Knowledge Management

Knowledge Management

A Practical Guide for Librarians

Jennifer A. Bartlett


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While librarians and information professional are experts at providing resources to users, managing their own internal working knowledge and information can be a challenge. As information environments continue to become more complex, librarians and other information professionals must build on the existing expertise and skills within their organizations to keep them relevant to the information needs of their patrons and communities. Knowledge management (KM) is an intentional set of strategies intended to capture, preserve, and use human knowledge from employees to further the goals of an organization. Knowledge Management: A Practical Guide for Librarians will help librarians recognize, organize, communicate, and leverage both the tacit and explicit knowledge already in their organizations for the benefit of themselves and their users. Topics covered include:

  • Why knowledge management is important in libraries and information organizations
  • The knowledge management lifecycle: capturing, organizing, storing, sharing, and updating knowledge
  • Capturing tacit and explicit knowledge and getting staff buy-in
  • Tools and methods for recording and developing organizational information flow
  • Facilitating the transfer of organizational knowledge and expertise
  • Promoting knowledge innovation and learning

Knowledge Management is intended to help individual librarians and library managers in all library settings (academic, public, school, special, etc.) to think critically about their existing knowledge management environments with an eye toward improving existing procedures or implementing a KM program. This guide will provide readers with basic background information and useful, targeted exercises and examples to help them develop knowledge management programs in their own organizations.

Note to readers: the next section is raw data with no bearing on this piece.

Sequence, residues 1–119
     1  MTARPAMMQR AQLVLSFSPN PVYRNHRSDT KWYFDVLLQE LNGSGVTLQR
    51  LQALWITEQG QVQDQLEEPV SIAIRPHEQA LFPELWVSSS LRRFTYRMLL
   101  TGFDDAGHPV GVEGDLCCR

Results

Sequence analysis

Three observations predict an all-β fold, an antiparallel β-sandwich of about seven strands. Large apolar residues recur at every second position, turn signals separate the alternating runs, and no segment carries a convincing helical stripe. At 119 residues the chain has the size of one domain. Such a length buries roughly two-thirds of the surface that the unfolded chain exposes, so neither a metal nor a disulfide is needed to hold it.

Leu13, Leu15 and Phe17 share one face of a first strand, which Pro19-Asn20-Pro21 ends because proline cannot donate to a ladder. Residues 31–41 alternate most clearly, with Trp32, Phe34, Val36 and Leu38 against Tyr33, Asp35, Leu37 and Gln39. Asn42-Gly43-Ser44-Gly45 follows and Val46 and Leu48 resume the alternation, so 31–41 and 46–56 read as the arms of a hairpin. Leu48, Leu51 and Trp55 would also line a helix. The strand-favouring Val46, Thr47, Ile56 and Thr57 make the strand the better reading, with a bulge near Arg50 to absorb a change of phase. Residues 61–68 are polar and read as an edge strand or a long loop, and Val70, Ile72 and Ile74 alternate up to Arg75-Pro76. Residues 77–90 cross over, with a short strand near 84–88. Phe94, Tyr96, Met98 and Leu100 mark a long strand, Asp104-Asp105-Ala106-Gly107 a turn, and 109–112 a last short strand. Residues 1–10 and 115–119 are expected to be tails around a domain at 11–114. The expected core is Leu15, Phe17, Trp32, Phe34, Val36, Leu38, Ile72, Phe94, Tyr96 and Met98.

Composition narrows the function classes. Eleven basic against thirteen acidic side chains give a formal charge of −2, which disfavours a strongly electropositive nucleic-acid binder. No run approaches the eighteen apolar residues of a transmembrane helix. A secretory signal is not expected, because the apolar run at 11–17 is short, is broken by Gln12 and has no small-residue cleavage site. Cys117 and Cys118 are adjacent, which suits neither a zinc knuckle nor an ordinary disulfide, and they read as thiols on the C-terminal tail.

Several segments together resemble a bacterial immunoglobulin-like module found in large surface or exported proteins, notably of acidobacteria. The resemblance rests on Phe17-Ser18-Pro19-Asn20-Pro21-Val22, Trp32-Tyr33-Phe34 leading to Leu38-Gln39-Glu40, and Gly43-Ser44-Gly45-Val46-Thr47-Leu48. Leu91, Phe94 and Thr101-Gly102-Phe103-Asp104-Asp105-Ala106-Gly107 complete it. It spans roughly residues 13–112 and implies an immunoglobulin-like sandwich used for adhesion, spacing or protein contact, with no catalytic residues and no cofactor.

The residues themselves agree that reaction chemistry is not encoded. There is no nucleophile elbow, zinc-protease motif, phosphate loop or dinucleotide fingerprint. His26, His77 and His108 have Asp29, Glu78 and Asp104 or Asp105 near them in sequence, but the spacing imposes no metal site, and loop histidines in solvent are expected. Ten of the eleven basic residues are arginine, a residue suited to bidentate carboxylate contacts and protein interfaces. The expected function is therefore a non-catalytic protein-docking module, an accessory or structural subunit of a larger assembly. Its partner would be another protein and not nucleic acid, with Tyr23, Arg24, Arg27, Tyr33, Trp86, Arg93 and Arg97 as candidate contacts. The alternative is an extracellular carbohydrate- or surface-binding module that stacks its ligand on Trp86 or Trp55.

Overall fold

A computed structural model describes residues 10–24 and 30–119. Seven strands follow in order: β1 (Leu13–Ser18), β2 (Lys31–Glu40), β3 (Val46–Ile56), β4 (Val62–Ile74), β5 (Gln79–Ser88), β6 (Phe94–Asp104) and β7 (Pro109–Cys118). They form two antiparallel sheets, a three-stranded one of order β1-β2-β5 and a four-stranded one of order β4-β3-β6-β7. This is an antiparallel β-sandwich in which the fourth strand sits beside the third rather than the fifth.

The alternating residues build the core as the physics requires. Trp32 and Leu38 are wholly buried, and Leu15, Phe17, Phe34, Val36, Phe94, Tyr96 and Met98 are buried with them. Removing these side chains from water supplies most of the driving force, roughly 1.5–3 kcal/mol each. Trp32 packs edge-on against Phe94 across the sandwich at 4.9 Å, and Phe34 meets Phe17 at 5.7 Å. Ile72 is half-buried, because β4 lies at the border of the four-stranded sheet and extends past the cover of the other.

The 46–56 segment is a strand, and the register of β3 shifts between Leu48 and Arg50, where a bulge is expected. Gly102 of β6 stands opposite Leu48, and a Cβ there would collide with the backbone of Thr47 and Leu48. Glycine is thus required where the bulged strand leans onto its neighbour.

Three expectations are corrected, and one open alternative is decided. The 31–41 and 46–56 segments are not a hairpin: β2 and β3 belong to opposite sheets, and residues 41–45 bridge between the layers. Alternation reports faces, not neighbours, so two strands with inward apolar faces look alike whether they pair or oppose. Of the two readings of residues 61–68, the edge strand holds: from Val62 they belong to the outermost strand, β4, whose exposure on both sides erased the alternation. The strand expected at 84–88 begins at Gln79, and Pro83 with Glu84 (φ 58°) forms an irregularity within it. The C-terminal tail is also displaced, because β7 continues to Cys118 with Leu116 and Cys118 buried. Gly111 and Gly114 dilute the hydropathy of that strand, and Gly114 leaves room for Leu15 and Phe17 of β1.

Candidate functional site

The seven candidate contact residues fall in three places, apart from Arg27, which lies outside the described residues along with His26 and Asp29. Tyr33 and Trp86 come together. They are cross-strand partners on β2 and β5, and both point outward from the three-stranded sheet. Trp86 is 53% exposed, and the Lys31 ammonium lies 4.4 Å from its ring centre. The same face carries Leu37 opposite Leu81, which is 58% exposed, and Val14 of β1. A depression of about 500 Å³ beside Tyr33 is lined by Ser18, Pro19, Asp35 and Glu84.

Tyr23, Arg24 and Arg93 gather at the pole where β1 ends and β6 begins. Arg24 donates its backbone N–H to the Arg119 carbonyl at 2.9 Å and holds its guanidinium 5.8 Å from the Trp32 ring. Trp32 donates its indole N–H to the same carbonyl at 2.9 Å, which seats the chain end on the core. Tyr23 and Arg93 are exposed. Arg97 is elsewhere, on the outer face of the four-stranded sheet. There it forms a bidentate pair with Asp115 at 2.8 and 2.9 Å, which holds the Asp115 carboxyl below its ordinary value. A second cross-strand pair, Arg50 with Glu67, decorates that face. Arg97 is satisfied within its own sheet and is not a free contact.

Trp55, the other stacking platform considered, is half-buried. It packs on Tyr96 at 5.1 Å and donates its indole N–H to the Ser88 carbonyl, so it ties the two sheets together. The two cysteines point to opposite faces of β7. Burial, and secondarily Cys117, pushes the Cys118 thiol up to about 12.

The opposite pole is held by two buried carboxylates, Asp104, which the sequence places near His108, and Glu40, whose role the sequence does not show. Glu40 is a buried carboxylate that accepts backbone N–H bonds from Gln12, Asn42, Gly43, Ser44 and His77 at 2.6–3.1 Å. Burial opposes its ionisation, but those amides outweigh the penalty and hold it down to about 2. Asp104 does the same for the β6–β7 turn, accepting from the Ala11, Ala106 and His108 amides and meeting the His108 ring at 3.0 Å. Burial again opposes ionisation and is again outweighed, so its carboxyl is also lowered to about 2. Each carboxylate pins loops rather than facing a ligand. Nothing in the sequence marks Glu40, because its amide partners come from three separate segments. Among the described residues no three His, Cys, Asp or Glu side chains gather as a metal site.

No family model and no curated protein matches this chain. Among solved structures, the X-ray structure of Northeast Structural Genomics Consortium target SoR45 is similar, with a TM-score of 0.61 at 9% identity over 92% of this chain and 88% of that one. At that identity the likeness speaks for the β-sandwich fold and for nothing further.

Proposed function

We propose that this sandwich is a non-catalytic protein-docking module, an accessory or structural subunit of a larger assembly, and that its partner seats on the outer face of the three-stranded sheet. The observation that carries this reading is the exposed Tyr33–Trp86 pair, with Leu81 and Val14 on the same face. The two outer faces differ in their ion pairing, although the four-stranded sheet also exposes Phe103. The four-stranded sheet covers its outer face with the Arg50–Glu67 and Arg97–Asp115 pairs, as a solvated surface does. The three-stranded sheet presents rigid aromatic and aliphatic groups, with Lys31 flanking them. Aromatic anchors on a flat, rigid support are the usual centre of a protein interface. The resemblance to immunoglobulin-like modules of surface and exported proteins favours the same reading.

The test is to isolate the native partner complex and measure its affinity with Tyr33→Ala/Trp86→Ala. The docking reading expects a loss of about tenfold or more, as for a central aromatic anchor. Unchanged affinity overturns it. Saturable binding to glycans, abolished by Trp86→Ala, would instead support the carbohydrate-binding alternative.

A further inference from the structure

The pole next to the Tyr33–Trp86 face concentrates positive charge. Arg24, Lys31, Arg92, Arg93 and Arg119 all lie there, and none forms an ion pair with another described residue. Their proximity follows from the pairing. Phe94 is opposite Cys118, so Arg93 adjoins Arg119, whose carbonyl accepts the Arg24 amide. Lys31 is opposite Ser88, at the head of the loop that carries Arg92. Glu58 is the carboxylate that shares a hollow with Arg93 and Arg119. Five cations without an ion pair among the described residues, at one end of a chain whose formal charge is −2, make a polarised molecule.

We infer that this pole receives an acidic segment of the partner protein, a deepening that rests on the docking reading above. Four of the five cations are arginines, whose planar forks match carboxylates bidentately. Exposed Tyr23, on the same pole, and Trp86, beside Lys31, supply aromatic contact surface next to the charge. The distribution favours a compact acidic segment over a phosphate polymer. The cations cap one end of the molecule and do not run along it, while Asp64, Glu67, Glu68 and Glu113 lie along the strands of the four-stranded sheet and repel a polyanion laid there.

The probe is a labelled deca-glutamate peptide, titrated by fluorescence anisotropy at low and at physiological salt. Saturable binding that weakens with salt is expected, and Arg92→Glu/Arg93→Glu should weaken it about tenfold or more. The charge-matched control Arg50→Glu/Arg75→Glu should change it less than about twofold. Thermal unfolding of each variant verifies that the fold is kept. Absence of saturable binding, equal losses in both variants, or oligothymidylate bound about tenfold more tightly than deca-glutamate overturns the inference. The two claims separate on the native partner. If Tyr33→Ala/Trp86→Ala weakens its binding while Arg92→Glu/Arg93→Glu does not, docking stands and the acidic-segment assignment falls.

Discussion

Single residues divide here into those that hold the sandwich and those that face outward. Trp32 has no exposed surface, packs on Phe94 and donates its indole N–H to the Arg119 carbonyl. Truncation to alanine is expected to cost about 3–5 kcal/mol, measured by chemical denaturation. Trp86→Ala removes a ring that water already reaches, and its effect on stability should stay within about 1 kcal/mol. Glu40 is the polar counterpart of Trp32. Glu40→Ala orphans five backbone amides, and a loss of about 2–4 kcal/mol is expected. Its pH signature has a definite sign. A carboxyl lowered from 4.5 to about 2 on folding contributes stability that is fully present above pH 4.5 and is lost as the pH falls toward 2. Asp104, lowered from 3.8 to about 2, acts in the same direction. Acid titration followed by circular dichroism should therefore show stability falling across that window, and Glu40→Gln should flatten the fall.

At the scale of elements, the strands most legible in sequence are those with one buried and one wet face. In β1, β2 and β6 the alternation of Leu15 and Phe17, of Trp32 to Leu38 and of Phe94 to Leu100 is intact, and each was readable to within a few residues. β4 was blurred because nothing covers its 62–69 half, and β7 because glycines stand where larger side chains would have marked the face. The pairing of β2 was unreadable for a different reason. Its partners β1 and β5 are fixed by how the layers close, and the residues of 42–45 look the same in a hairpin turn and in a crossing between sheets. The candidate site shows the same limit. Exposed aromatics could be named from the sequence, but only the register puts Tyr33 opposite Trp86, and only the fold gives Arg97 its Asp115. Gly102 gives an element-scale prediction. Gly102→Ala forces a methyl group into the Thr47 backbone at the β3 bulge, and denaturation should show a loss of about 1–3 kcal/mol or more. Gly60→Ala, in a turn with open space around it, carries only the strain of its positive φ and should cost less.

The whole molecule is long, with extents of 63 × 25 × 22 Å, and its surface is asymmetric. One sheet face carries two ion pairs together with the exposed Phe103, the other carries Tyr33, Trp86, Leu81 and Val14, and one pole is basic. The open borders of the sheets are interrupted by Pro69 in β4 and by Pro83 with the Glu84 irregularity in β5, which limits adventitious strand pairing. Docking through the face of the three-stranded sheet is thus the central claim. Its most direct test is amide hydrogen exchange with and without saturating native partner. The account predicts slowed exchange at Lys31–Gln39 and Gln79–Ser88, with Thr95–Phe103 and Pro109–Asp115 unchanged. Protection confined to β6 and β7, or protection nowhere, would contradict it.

Jennifer A. Bartlett:
Jennifer A. Bartlett is an assistant professor and the interim associate dean for teaching, learning, and research at the University of Kentucky Libraries. She has worked in academic and public libraries for over 20 years and focuses on public services, access services, and academic library management and administration. Since 2011, she has authored the “New and Noteworthy” column in Library Leadership and Management, the journal of ALA’s Library Leadership and Management Association (LLAMA) and is a book review columnist for the publication Online Searcher. She is active in the Kentucky Library Association, the Special Libraries Association, and has also served as a member of the International Federation of Library Associations (IFLA) Knowledge Management Standing Committee. She is the co-editor (with Spencer Acadia) of Libraries that learn: Keys to Managing Organizational Knowledge (Chicago: ALA Editions, 2019).